Election Rhetoric Heats Up in Iran



Election rhetoric in Iran has increased since President Mahmoud Ahmadinejad’s controversial statements earlier in the week, in which he threatened to reveal sensitive information about his political enemies and taunted them that they are “nobody” to confront him.

Immediately after the statements, several figures in Iran responded. Hassan Firouzabadi, chief of the armed forces, said that what the president did “was unacceptable, and it is disturbing public order.” He added that “we hope the president puts an end to this type of discourse.” Hossein Shariatmadari, editor of the Kayhan newspaper, which is close to Supreme Leader Ayatollah Ali Khamenei, also responded to the president’s statements. He wrote to the president, “There could be two reasons why you still haven’t revealed anything. Either you’re bluffing … or you’re worried they’ll reveal something about you. Could there be any other reason?”

Ahmadidnejad was not deterred, however. Yesterday while in Esfahan with longtime aid and potential presidential candidate Esfandiar Rahim Mashaei, the president said, “You guys can draw plans, and the work of this nation is to thwart those plans.” He added, “I’m certain with the participation of 50 million in the elections, the next president, with 30 to 40 million votes, can show the strength of the Islamic Republic of Iran to the world and turn the issues facing Iran into favorable conditions.” On previous occasions Ahmadinejad has also predicted a voter turnout of 50 million people. Iran’s population is approximately 75 million.

Although Mashaei has not yet announced his candidacy, there has been opposition to his potential candidacy from conservative factions inside Iran.

This week, Chairman of the Guardian Council Ayatollah Ahmad Jannati, when asked how the Guardian Council will confront the “sedition and deviants” in the elections, said, “We will confront these individuals lawfully.” Those who continued to support presidential candidates Mir Hussein Mousavi and Mehdi Karroubi in the contested 2009 elections were labeled seditionists. Mashei and those close to him in Ahamdinejad’s administration have been labeled “deviants” for their various political stances. The Guardian Council is a 12-member body that approves candidates to run for election, among other duties.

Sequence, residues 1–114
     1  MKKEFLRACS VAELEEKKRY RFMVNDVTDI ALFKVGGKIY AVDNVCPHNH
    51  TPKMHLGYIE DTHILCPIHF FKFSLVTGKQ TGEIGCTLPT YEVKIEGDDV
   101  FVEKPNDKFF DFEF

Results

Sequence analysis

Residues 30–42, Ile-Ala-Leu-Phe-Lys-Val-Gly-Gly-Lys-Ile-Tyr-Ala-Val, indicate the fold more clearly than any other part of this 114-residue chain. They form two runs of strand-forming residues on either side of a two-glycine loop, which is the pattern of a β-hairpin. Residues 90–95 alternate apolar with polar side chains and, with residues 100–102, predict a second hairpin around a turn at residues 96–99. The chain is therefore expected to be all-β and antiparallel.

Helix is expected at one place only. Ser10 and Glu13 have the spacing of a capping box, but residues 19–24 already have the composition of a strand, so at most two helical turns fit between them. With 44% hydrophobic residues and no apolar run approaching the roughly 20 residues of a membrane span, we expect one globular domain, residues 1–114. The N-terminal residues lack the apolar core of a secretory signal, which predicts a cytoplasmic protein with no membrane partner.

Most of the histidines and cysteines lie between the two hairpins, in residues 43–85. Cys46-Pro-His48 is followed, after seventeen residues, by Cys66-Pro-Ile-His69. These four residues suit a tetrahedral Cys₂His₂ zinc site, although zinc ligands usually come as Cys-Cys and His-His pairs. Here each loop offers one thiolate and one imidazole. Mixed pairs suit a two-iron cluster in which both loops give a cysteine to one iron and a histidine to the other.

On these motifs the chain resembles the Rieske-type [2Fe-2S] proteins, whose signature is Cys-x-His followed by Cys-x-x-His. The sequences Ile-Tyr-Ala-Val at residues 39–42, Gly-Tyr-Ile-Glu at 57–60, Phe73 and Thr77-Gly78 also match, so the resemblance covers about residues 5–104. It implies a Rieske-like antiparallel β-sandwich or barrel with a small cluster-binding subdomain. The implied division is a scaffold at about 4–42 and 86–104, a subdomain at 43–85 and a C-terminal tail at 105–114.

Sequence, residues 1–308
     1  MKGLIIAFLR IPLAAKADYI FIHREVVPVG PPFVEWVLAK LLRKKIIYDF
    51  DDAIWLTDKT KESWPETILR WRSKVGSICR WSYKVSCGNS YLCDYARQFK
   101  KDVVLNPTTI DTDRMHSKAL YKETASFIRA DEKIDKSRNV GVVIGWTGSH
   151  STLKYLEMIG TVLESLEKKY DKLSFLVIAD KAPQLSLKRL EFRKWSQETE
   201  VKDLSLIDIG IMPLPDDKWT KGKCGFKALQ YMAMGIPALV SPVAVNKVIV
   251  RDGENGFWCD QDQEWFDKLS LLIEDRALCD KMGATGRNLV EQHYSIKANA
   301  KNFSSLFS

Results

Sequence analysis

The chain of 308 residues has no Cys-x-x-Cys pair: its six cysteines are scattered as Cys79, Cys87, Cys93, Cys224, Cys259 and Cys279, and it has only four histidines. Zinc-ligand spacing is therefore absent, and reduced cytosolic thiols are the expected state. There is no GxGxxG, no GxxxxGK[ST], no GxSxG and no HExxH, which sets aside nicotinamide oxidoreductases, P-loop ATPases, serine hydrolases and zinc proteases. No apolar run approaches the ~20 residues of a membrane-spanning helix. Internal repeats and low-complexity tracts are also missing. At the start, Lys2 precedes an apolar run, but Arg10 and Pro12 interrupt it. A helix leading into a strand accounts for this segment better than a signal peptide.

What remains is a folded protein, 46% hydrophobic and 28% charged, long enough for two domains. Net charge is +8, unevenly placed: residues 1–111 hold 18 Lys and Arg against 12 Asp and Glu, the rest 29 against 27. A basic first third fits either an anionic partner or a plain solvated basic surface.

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Habibollah Asgarolladi, prominent political figure from the traditional right, called the “sedition and deviants” the “two blades of a scissor” today. He said that the “the goal of the enemy and sedition is to create war.” He reminded those participating in the elections to “remove those who have entered the sedition and deviant” groups. In response to “Reformists who participated in the sedition or were silent about it, and requests to have them apologize,” Asgaroladi took a soft line. He said, “Some don’t have a problem and they adopted a good position and we don’t need anything from them.”

Asgarolladi  said that “we don’t think of Ahmadinjead as a deviant, but we believe that some of those around him have deviated.” He also called Mir Hussein Mousavi and Mehdi Karroubi his “brothers” and said they were simply “charmed by the sedition,” adding “the roots of the sedition are America, the Zionist regime and England.”